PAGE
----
A closer look at Papua New Guinea’s new international airport, Nadzab Tomodachi


The major redevelopment of the airport that serves PNG’s second city, Lae, means the country now has a second airport – Nadzab Tomodachi – capable of welcoming international flights. Business Advantage PNG visits the new facility.

Photo of the outside of Lae Tomodachi International Airport, Papua New Guinea

The exterior of Nadzab Tomodachi International airport, now open. Credit: BAI

The K692 million rejuvenation of the former Lae Nadzab Airport, about 40 km from the capital of Morobe Province, should provide a boon for industry, commerce and tourism in the province and wider Papua New Guinea.

Prime Minister James Marape officially opened the renamed Nadzab Tomodachi International Airport in late 2023 and national airline Air Niugini took up occupancy in early January 2024.

New gateway

With the exception of charter flights, all international flights arriving and departing PNG currently pass through Port Moresby’s Jacksons International Airport. That is now expected to change, although there have been no announcements yet about when international services might commence.

“The new terminal is a world class facility. We’re looking forward to seeing the start of international flights,” John Byrne, President of the Lae Chamber of Commerce, tells Business Advantage PNG.

He notes that the works currently under way to upgrade the 35 kilometre highway connecting the airport to Lae City (part of the 700 kilometre Highlands Highway, which serves PNG’s populous interior), will complete the picture.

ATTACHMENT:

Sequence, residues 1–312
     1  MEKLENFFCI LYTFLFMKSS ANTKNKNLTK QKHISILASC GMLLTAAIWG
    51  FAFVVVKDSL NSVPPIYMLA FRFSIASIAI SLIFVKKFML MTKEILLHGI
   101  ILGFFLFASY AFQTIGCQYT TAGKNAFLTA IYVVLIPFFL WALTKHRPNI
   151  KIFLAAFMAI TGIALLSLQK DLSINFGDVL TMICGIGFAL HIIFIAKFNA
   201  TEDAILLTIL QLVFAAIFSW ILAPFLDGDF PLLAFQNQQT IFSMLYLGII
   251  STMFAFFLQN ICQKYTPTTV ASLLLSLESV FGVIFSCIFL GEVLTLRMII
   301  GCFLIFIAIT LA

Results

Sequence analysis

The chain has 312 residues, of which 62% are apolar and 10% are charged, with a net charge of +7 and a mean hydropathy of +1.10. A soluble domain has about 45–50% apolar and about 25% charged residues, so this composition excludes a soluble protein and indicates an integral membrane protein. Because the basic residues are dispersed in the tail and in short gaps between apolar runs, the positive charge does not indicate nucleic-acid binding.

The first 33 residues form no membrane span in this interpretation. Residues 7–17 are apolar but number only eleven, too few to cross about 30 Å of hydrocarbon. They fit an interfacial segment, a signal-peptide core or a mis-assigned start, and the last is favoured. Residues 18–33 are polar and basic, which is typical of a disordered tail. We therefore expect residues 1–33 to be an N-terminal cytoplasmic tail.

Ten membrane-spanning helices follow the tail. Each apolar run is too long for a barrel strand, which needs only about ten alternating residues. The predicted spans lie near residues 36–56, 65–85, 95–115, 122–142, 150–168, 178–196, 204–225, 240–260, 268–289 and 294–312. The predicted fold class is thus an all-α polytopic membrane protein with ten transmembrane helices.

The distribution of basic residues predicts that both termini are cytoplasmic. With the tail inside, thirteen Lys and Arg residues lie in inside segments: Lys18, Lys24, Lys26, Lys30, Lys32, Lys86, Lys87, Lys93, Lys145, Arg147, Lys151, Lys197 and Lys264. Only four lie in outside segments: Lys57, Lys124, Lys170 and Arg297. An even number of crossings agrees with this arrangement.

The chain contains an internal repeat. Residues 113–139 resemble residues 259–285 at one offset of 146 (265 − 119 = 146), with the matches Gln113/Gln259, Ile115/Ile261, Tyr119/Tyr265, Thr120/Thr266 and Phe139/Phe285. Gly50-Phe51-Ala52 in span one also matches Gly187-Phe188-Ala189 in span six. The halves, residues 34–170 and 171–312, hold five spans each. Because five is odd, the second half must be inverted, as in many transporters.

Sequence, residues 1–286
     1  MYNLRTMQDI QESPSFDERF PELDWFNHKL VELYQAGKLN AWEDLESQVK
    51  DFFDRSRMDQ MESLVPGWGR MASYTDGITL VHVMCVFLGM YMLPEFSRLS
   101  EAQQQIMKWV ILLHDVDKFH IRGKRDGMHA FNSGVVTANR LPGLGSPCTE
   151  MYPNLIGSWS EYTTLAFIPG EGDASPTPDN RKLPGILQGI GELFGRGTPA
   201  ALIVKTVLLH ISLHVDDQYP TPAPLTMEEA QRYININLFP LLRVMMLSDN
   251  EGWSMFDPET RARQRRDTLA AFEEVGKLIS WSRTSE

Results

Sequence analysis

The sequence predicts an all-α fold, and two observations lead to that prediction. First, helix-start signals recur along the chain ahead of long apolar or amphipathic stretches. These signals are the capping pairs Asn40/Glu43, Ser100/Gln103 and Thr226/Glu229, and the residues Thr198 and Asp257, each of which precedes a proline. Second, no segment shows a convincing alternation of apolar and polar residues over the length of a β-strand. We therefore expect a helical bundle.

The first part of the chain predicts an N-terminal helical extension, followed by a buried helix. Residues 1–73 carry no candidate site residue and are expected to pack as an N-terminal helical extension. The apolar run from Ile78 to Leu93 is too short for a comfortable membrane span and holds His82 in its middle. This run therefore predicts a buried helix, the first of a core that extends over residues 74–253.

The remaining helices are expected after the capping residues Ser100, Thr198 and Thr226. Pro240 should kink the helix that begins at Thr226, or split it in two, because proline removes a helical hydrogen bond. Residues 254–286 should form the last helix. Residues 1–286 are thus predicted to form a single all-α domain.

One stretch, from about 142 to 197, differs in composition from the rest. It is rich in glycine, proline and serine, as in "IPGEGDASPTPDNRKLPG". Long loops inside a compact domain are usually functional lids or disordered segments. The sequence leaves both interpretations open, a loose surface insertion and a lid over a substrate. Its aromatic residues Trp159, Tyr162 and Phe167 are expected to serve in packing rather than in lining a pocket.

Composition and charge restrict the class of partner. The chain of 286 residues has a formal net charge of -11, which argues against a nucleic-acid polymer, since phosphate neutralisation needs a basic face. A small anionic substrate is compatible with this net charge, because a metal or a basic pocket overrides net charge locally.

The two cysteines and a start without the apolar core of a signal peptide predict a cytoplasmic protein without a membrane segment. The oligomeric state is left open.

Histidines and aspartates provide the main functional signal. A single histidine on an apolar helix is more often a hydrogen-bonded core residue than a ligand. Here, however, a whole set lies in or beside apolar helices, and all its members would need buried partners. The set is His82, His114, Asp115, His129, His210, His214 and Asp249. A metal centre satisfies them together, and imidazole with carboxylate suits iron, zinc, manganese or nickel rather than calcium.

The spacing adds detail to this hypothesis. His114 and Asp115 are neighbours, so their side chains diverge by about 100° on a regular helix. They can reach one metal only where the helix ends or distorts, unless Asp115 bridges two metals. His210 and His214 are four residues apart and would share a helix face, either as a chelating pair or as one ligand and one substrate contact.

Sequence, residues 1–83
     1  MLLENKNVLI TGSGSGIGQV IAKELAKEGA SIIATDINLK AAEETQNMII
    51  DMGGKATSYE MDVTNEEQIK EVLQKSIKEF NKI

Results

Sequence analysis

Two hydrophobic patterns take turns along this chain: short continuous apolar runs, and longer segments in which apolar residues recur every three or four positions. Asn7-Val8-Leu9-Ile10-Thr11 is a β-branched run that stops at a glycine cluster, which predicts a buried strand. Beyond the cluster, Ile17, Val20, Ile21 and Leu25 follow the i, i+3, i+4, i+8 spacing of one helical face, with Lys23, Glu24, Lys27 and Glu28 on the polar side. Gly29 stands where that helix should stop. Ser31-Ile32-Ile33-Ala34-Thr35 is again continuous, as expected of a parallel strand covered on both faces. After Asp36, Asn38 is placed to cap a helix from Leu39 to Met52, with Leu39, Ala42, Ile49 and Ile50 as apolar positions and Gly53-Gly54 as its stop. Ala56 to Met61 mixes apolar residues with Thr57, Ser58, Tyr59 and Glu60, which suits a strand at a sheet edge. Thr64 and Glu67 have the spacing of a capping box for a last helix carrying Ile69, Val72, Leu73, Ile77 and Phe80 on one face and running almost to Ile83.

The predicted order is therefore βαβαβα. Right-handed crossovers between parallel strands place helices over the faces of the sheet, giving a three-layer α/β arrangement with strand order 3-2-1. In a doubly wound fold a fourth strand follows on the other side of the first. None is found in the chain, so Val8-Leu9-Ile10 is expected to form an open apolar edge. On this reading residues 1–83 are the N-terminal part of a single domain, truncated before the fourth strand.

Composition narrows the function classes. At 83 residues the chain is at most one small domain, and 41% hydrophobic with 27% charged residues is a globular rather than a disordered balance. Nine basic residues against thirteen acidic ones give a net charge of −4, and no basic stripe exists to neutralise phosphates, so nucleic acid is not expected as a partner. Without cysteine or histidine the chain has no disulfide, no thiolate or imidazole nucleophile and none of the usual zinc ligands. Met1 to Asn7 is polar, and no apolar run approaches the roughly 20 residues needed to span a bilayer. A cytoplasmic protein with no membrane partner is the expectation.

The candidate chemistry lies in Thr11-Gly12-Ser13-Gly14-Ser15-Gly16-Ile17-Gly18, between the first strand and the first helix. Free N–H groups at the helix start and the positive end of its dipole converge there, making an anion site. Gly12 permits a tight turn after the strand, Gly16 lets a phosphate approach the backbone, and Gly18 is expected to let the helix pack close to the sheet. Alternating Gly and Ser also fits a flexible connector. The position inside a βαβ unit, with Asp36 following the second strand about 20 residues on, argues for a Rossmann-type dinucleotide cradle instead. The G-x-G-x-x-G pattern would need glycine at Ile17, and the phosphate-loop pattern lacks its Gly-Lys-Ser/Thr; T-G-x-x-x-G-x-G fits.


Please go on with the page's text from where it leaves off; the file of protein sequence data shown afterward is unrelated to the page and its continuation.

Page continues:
Construction work on the airport redevelopment started in 2016 and includes a new terminal for domestic and international flights, with 16 check-in counters, two lounges, the latest airport systems, immigration and quarantine facilities and aerobridges.

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The project also includes the expansion and reinforcement of runways and aprons to international aviation standards, with big jets such as the wide-bodied Boeing B777-200 now capable of landing in Lae.

Meanwhile, the airport’s old terminal has been repurposed to handle increasing volumes of air freight.

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International connections

The obvious first market for the revamped airport is Australia, enabling travellers from the Highlands, Momase and New Guinea Islands regions to fly directly to Australia, bypassing the need to go through Port Moresby. Japan, which has close ties to the project and was PNG’s largest export customer in 2022, is another market.

It will also be easier for international business travellers to visit PNG’s major manufacturing and logistics hub, as well as fostering greater labour mobility.

Additionally, international air traffic in and out of Lae will be able to support the Wafi-Golpu gold and copper mine (65 kilometres south-west of Lae), which is expected to open in the next few years.


The redevelopment of the airport was jointly funded by the PNG Government and the Japan International Cooperation Agency. The construction was led by Japanese contractor Dai Nippon-Nippo Joint Venture.

In Japanese, tomodachi means ‘friends’ who support each other, which is precisely what the new airport represents.

The redevelopment of Nadzab Tomodachi is part of an ongoing program by the National Airports Corporation to improve PNG’s aviation infrastructure.

The Asian Development Bank-supported Civil Aviation Development Investment Program, now entering its third tranche, worth US$213 million, has been gradually improving the safety and functionality of PNG’s 22 national airports since 2009.

Robert Upe is the Editor of Paradise, the inflight magazine of Air Niugini. 

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